Вы находитесь на странице: 1из 53

WAN Technologies

Based on CCNA 4 v3.1 Slides Compiled & modified by C. Pham


2004, Cisco Systems, Inc. All rights reserved.

Wide-area Networks (WANs)

2004, Cisco Systems, Inc. All rights reserved.

Metropolitan-Area Network (MANs)

2004, Cisco Systems, Inc. All rights reserved.

Path Determination

2004, Cisco Systems, Inc. All rights reserved.

Internetworking
Any internetwork must include the following: Consistent end-to-end addressing Addresses that represent network topologies Best path selection Dynamic or static routing Switching

2004, Cisco Systems, Inc. All rights reserved.

Router: core of WAN technologies

cisco

Routers send packets from one interface/network to another


2004, Cisco Systems, Inc. All rights reserved.

WAN Topology

Star Topology

Full-Mesh Topology

Partial-Mesh Topology
2004, Cisco Systems, Inc. All rights reserved.

Router Internal Components

2004, Cisco Systems, Inc. All rights reserved.

Router Internal Components

2004, Cisco Systems, Inc. All rights reserved.

Internal Components of a 2600 Router

2004, Cisco Systems, Inc. All rights reserved.

10

External Connections on a 2600 Router

2004, Cisco Systems, Inc. All rights reserved.

11

Router External Connections

2004, Cisco Systems, Inc. All rights reserved.

12

Computer or Terminal Console Connection

2004, Cisco Systems, Inc. All rights reserved.

13

Modem Connection to Console or Auxiliary Port

2004, Cisco Systems, Inc. All rights reserved.

14

WAN Technology

2004, Cisco Systems, Inc. All rights reserved.

15

WAN Service Providers

2004, Cisco Systems, Inc. All rights reserved.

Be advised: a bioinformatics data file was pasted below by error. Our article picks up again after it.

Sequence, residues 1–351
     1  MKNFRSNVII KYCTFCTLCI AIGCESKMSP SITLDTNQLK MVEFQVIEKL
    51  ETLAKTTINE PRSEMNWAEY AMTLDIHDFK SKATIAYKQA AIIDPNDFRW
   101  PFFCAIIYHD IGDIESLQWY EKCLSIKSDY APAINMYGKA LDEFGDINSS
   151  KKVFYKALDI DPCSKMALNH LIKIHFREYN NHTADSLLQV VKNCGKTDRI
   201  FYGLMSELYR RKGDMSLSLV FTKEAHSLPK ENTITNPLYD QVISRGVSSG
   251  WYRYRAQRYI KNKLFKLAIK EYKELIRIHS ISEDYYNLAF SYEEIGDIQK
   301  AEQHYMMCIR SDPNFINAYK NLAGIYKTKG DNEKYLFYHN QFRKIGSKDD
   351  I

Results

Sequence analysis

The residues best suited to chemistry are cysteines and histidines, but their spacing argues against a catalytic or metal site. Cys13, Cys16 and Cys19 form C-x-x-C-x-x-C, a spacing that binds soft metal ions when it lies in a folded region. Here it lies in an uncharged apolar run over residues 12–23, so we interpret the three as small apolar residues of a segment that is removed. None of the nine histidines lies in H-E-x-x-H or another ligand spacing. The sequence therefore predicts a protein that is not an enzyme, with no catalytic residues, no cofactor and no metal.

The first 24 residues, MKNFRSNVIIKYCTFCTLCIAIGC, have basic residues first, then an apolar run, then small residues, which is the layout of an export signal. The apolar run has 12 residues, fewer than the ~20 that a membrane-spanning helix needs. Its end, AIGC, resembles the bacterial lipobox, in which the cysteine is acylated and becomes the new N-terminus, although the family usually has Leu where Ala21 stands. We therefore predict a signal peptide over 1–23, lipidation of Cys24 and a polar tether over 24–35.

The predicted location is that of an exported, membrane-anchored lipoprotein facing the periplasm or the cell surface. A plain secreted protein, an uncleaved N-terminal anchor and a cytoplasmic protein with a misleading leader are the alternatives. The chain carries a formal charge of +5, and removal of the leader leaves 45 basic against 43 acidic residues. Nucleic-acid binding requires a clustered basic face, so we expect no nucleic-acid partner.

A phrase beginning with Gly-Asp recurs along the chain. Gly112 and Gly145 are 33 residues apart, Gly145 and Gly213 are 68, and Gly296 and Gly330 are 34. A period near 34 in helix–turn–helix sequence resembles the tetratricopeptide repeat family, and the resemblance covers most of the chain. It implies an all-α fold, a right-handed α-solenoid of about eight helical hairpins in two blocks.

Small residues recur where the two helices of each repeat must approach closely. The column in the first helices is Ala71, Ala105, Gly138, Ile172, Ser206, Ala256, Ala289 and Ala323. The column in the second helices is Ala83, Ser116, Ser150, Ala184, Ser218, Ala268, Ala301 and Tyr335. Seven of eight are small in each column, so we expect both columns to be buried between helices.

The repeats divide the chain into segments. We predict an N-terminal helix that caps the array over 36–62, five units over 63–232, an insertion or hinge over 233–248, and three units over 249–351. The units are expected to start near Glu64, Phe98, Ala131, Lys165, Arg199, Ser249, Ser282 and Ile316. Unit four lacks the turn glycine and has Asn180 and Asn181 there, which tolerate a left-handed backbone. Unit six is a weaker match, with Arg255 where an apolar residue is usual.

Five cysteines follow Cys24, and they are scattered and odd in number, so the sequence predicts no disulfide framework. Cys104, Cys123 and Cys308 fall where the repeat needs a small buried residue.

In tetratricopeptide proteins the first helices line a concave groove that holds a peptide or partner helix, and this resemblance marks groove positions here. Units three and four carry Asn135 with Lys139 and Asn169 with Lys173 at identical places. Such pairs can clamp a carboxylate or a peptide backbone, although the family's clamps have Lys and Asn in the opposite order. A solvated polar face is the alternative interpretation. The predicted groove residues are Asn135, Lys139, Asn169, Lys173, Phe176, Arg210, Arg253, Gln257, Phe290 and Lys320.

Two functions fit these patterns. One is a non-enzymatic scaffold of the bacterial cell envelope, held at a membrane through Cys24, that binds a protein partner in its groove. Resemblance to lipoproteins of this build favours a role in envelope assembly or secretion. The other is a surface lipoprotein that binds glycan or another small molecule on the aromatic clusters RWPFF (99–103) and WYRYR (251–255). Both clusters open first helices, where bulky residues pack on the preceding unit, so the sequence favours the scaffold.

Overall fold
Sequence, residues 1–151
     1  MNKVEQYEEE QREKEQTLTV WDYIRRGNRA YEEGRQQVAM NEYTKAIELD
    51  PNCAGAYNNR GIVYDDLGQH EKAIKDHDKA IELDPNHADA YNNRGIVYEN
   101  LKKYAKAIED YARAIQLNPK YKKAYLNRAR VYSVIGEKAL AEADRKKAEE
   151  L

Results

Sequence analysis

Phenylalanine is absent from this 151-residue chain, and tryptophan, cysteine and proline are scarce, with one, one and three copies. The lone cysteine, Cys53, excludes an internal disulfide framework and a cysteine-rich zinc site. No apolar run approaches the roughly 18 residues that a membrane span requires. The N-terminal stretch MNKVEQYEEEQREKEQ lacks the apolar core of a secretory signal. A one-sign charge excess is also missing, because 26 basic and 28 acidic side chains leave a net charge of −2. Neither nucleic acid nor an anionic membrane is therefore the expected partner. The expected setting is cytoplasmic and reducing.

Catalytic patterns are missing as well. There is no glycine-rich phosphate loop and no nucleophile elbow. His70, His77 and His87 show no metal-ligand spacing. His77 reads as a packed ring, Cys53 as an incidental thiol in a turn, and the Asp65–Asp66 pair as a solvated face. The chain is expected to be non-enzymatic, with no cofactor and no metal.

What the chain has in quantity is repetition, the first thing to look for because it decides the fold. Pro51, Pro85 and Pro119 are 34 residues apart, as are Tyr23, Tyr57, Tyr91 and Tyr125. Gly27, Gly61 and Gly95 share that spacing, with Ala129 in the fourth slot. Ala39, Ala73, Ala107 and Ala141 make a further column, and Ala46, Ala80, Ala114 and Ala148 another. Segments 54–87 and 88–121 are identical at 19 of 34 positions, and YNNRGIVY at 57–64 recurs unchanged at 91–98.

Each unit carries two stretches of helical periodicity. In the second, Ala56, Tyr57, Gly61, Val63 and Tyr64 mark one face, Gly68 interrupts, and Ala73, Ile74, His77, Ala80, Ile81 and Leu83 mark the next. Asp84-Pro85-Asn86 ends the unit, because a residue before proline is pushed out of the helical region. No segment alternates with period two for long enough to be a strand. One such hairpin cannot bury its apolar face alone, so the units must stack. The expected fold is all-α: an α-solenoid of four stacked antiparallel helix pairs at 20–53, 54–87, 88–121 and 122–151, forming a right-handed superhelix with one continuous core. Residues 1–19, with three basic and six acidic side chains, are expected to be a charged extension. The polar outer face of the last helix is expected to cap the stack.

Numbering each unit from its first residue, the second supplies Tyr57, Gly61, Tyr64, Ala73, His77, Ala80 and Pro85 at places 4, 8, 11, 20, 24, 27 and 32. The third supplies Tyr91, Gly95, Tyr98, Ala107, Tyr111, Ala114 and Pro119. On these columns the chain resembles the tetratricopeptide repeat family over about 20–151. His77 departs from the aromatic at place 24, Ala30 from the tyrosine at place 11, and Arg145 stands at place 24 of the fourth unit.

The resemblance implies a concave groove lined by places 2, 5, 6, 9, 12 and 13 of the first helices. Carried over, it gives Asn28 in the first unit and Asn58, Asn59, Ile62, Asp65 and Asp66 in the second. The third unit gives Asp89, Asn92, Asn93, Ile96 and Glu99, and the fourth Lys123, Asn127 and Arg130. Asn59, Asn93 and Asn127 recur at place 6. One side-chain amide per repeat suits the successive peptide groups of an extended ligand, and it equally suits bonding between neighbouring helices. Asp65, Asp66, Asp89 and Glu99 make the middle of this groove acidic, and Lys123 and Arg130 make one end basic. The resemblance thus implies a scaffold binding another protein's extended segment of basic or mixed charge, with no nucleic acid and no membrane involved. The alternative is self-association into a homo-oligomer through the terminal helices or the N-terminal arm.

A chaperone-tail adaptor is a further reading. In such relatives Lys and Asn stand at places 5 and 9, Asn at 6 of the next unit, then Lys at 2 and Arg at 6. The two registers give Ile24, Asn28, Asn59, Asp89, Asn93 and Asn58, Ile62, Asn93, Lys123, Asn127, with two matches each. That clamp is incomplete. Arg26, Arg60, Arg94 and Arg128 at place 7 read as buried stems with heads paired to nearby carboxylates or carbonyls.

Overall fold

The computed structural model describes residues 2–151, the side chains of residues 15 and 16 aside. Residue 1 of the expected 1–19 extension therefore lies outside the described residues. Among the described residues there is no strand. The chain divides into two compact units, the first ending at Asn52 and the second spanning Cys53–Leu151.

16

Physical Layer: WANs

2004, Cisco Systems, Inc. All rights reserved.

17

WAN Types

2004, Cisco Systems, Inc. All rights reserved.

18

Router Serial WAN Connectors

2004, Cisco Systems, Inc. All rights reserved.

19

DCE Serial Connections

2004, Cisco Systems, Inc. All rights reserved.

20

WAN Line Types and Bandwidth

2004, Cisco Systems, Inc. All rights reserved.

21

CSU/DSU
Channel Service Unit/Data Service Unit.

2004, Cisco Systems, Inc. All rights reserved.

22

Modem Transmission

2004, Cisco Systems, Inc. All rights reserved.

23

WAN Standards

2004, Cisco Systems, Inc. All rights reserved.

24

WAN Encapsulation

2004, Cisco Systems, Inc. All rights reserved.

25

WAN Data-Link Protocols

2004, Cisco Systems, Inc. All rights reserved.

26

Circuit Switching

2004, Cisco Systems, Inc. All rights reserved.

27

Packet Switching

2004, Cisco Systems, Inc. All rights reserved.

28

WAN Link Options

2004, Cisco Systems, Inc. All rights reserved.

29

WAN Link Options

2004, Cisco Systems, Inc. All rights reserved.

30

Analog Dialup

2004, Cisco Systems, Inc. All rights reserved.

31

ISDN

2004, Cisco Systems, Inc. All rights reserved.

32

ISDN

Router with standard serial interface, connected to a terminal adapter


2004, Cisco Systems, Inc. All rights reserved.

Router with native ISDN BRI U or S/T interface or PRI

33

Leased Line

Leased lines are not only used to provide direct point-to-point connections between Enterprise LANS, they can also be used to connect individual branches to a packet switched network.
2004, Cisco Systems, Inc. All rights reserved.

34

WAN with X.25